Ever notice the emphasis on honey for Rosh Hashanah?  We slop honey onto apples, honey on challah, bake honey into cookies and cakes.  Everyone will tell you it's for a "Good Sweet Year."

Will ingesting tons of honey change my fate in the coming year? (I don't know, but I'm certainly game to test the theory!) Well, at least it will remind me to be a sweeter person, and maybe that will earn the blessings I need to help me along.  In fact, pulling down that kind of spiritual aid is precisely the purpose of some remarkable little gastric Rosh Hashanah customs.  Funny how even the foods we eat, rivet our attention to our ultimate goals.

There are certain foods called simanim—literally signs or indicators—that are meant to point the way to improved circumstances.  Traditional Jews make it a point to eat these special foods (that include spinach, leeks, gourds, cabbage, carrots, pomegranates and dates), preceded by a heartfelt prayer connected to the character of the food.  There's even a custom to pray that in the coming year we will be at the head, rather than at the tail end, of good fortune.  Not to gross you out or anything, the siman for this is consuming (or at least nibbling) the cooked head of something: fish and lamb are popular choices.  To my mind, pickled tongue qualifies for this benefit.  Hey, it's part of the head, isn't it?  And just a tad more appetizing.

Some of the most fascinating simanim are based on word play.  A generation ago, Jews in the Ukraine fed their children chicken livers on Rosh Hashanah because the Yiddish word for livers, leberlach, is homophonous with leb ehrlich, "live honestly."  Typically Jewish, isn't it?  Even a kiddie snack is a lesson in ethics!  And then there is the more contemporary creative "custom" (although I am not sure how widely practiced this is) of combining raisins, lettuce and celery, with the heartfelt wish: "Lettuce have a raisin celery."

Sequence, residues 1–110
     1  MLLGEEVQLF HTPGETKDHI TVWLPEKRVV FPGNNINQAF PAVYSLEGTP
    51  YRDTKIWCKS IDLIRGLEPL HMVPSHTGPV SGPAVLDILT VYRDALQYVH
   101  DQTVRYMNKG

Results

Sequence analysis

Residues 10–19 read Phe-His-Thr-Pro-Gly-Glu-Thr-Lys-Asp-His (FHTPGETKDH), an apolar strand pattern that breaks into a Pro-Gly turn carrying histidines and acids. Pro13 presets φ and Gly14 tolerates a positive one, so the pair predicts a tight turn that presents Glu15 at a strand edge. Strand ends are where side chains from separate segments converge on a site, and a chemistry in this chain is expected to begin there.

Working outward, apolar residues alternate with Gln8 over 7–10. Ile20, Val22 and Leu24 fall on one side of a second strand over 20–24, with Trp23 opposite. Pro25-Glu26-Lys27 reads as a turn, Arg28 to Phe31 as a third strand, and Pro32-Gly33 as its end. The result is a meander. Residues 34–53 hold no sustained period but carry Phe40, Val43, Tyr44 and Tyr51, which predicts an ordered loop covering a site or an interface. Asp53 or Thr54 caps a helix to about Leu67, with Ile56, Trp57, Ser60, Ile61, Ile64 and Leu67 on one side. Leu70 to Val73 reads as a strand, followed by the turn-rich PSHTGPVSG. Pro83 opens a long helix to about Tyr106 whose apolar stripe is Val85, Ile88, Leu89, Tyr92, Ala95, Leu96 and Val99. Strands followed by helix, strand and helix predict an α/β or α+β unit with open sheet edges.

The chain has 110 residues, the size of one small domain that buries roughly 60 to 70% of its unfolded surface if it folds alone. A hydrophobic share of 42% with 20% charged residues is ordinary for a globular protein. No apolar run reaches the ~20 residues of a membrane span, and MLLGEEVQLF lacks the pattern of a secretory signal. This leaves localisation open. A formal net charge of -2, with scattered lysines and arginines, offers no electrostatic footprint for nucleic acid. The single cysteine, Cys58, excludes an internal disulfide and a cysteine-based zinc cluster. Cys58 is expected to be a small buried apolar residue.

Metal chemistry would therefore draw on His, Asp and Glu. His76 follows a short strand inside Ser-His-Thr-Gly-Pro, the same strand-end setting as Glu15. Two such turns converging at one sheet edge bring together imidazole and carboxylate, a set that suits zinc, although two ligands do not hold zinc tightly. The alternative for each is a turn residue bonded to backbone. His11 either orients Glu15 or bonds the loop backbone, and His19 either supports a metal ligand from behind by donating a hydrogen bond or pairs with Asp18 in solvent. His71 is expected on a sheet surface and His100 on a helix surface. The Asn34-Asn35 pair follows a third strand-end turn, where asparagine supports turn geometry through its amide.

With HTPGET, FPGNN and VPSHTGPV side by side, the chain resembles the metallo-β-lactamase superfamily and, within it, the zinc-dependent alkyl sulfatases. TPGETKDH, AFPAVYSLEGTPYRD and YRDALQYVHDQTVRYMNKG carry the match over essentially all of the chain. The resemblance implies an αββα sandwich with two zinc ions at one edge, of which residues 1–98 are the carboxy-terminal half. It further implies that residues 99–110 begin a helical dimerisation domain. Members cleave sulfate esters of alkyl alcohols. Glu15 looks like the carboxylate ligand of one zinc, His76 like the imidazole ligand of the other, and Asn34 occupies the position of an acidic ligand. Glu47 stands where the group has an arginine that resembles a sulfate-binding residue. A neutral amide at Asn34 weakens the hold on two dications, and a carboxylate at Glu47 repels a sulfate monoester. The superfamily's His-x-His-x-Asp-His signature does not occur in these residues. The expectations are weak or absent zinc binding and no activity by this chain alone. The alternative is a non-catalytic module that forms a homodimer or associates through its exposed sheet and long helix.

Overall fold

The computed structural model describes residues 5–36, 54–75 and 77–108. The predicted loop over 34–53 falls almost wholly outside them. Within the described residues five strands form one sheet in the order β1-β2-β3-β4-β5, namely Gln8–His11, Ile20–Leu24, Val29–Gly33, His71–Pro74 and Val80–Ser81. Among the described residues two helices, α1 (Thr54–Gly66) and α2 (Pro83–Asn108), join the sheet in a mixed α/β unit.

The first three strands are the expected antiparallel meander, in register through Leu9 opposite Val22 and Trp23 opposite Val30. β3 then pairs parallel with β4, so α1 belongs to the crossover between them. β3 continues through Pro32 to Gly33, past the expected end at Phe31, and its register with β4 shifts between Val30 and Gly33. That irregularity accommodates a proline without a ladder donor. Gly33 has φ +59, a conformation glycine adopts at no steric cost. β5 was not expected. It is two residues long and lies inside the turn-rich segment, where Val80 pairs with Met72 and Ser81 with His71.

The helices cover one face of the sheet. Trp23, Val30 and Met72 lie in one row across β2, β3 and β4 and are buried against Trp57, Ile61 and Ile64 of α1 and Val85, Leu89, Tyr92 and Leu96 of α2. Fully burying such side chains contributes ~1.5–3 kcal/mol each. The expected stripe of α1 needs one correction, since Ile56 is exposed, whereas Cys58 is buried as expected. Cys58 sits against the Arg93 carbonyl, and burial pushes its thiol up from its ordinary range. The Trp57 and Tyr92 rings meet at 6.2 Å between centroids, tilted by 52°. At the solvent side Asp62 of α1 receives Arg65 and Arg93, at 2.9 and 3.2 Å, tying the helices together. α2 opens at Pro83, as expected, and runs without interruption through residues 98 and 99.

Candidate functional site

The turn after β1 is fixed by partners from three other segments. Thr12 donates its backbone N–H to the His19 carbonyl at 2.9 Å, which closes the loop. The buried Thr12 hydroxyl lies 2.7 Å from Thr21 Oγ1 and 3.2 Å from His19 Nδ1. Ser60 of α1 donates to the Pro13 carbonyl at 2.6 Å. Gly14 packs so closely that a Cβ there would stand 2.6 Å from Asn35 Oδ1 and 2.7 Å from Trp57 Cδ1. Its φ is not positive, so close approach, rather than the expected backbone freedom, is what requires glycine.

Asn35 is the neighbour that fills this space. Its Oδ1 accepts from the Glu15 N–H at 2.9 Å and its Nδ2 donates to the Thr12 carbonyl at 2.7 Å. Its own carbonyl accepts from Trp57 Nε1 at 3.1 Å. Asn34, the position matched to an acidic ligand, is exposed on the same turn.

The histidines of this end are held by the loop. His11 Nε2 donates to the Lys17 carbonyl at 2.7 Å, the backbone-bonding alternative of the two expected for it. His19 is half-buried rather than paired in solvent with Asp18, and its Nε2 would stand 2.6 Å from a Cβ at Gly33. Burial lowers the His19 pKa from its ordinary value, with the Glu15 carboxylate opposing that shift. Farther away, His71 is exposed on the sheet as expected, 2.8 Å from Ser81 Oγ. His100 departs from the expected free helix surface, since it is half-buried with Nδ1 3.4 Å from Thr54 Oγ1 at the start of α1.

Colorful food customs like these come from every corner of the Diaspora, I love this recipe for Sweet Carrot Salad (Featuring the Simanim: Carrots, Cabbage and Honey) it's one dish that includes 3 simanim.  It's fun to be creative and see how many of these foods you can work into your meal.  I've been told by a quasi-serious rabbinic authority that it's OK to improvise your own simanim, too.  So how about ending your Rosh Hashanah meal with a really light, low-calorie dessert, accompanied by the solemn wish, "May the empty calories we eat this year be null and void; may they be like the dust of the earth, and evaporate like dew in the desert!"

Honey: The ultimate sweetener to sweeten up the coming year!  There's another reason for honey, too.  The numerical equivalent for honey (dvash) is 306, the same as Av Harachamim, a term for G-d, "Father of Mercy."

Honey is the most universal symbol of Rosh Hashanah. As everyone looks to wish one another a Sweet New Year. We take that phrase for granted as we have heard it so many times over for so many years running but it is such a beautiful wish. We use adjectives like good and great and wonderful to describe experiences, hopes and dreams but sweet is a quite beautiful word, for me, it conveys something more than the commonly used positive adjective, it conveys something warm, something homey.

I always say it doesn't have to be the Jewish New Year to give that cute little honey bear a squeeze -- our version of the Pillsbury dough boy. I happen to love honey in my coffee, baked goods and chicken dishes. In fact I have 3 favorites developed for Rosh Hashanah but used year round because we love them so Honey Chicken, Date and Honey Glazed Chicken Thighs and today's linkup recipe Honey-Sesame Glazed Chicken. In fact for one of my first Shabbos' in Israel Honey Chicken made the menu.

Browse through more sweet new year recipes featuring honey below. 

Wishing you the sweetest of years and all good things.

honey recipes